Anjuman-i-Wazin-i-Bangla a socio-religio-political organisation founded in Calcutta in 1911 by Maulana Abu Bakr Siddique (1859-1939), the Pir Sahib of Furfura (Hughli), Moulavi Wahed Hossain, and Munshi Sk Abdur Rahim, editor of the Mihir-o-Sudhakar. Maulana Abu Bakr Siddique was the chief patron of the Anjuman and its life president. After his death (1939), his son Maulana Abdul Hai became its president. Moslem Hitaisi, Islam-Darshan, Hanafi, Shariate Islam, and Chhunnat-al-Jamait were mouthpieces of the Anjuman.
The aims and objects of the Anjuman were to unite the Hanafi-Ulama of Bengal at a platform, to preach the principles of Shariah, and to teach the Muslims of Bengal real Islamic customs. Along with these objectives were included religious preaching, social reform, and service for the development of the Muslim nation. The Anjuman declared that it would participate in all religious, social and political movements according to the direction of the holy quran and Hadith and would not follow any ethics or policy of any particular organisation or any community.
The Anjuman appointed a large number of religious preachers, both paid and non-paid, to propagate its objectives. These preachers frequently visited district towns and rural areas of Bengal and delivered lectures regarding the Islamic way of life, and urged Muslims to say their prayers regularly, to abstain from un-Islamic practices like Shirk-Bidat, and to reject usury, bribery and the practice of dowry. During visits they founded many Maktabs-Madrasas, Arbitration boards for mutual settlement of litigation among rural Muslims, Bait-ul-mal funds, and youth organisations in different areas of Bengal.
In addition, they preached Islam among non-Muslims and attempted to resist the Quadiany and Christian missionary activities. In addition to these functions, Anjuman leaders and preachers, particularly, Maulana Ruhul Amin (the chief preacher), Moulavi Abdul Karim, and Moulavi Ibrahim wrote many books and published articles in Islam Darshan, Shariat, and Shariate Islam against the doctrines of Quadiany Muslims. At the same time, they were critical of Ulamas belonging to Mohammadi and Ahle Hadith groups, particularly Maulana mohammad akram khan, the editor of the Mohammadi. Sometimes they entered into debate (bahas) with rival Ulamas and tried to justify their doctrine as the only doctrine admitted by Allah. The Anjuman vehemently opposed performances such as singing and dancing, loud Zikir at the time of Urs, and Mela held in Maizbhandar (Chittagong), Sureshwar, and other places of Bengal, on the occasion of the birth and death anniversary of the Pirs of Maizbhandary Tarika (doctrine). The Anjuman declared that such performances were not only un-Islamic but also Shirk and Bidat.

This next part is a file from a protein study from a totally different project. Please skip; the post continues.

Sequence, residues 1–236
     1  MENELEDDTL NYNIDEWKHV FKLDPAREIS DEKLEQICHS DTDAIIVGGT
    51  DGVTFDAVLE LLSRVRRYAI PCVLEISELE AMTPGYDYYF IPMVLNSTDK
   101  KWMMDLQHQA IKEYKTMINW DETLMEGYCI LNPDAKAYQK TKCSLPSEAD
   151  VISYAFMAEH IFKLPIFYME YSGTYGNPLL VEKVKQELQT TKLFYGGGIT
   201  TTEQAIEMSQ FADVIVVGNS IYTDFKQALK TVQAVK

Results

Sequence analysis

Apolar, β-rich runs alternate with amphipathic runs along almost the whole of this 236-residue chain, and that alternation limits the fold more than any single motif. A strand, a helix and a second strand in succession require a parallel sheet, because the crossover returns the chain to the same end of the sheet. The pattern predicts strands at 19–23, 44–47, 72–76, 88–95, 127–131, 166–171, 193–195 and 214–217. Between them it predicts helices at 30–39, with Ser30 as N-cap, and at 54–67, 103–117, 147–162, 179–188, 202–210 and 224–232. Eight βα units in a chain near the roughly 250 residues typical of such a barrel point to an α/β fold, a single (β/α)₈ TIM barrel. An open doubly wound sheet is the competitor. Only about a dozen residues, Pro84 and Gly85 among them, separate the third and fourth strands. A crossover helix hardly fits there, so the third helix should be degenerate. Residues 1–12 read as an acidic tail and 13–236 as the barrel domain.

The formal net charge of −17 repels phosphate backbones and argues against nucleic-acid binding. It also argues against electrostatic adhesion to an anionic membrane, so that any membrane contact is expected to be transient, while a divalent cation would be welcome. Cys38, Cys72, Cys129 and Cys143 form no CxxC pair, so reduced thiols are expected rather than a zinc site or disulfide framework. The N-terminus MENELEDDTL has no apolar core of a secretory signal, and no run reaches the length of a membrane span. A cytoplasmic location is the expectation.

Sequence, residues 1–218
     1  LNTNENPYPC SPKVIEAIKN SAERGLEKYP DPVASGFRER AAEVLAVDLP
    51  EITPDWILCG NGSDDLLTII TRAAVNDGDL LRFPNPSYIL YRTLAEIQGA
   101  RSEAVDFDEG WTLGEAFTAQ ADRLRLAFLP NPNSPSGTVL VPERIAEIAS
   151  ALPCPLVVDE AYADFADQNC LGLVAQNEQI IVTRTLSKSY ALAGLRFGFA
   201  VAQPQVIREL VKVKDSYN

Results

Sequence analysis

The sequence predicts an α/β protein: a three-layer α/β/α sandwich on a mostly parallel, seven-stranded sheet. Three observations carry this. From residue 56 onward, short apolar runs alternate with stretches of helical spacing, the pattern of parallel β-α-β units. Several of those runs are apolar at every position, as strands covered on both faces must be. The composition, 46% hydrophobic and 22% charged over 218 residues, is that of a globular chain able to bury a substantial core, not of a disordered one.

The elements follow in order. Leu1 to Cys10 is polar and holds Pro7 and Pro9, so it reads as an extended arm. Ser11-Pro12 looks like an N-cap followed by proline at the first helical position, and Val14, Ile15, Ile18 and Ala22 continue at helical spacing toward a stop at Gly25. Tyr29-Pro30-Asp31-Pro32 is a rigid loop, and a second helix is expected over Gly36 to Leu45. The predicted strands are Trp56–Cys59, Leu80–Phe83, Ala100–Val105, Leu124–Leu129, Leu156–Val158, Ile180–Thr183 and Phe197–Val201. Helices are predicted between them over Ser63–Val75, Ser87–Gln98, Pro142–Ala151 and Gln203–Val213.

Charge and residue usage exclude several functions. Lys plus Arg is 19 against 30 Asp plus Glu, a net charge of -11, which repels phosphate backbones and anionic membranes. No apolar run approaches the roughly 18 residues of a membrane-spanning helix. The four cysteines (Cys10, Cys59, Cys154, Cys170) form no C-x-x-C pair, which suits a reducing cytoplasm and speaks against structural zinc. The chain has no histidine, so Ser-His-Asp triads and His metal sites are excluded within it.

The Anjuman-i-Wazin-i-Bangla also participated actively in different political movements. The Anjuman's leaders and preachers played an important role in mobilizing Bengali Muslims in favour of the khilafat movement. They organised numerous meetings, and processions in town and rural areas of Bengal. But the Anjuman disagreed with some policies and programmes of the movement formulated by the Central Khilafat Committee and the Congress. Programmes such as Hartals, burning of foreign clothes, and the raising of popular slogans like Hindu-Muslim ki jay, Mahatma Gandhi ki jay were strongly opposed by the Anjuman. It declared that there was no sanction regarding these in the Shariah. However, the Anjuman supported the bengal pact (1923). It was against the boycott of Simon Commission (1928) and against the civil disobedience movement (1930) and its programmes.
In the election of 1937, the Anjuman and its leaders tried to mobilize Muslims to vote against krishak praja party candidates. Maulana Abu Bakr Siddique, then president of the Anjuman, issued fatwa urging the Muslims to vote for muslim league candidates. Later, the Anjuman and its followers worked in support of the movement for Pakistan (1940-47). Maulana Abdul Hai, son of Maulana Abu Bakr Siddique, took the leadership of this movement. But after the death of Maulana Abu Bakr Siddique in 1939, the Anjuman ceased to be active. Most of the leaders and activists of Anjuman-i-Wazin-i-Bangala started to work in Ulama Associations like Jamiat-i-Ulama-i-Bangla and Assam, and Jamiat-i-Ulama-i-Islam. It is not known whether the Anjuman functioned at all later. [Sunil Kanti Dey]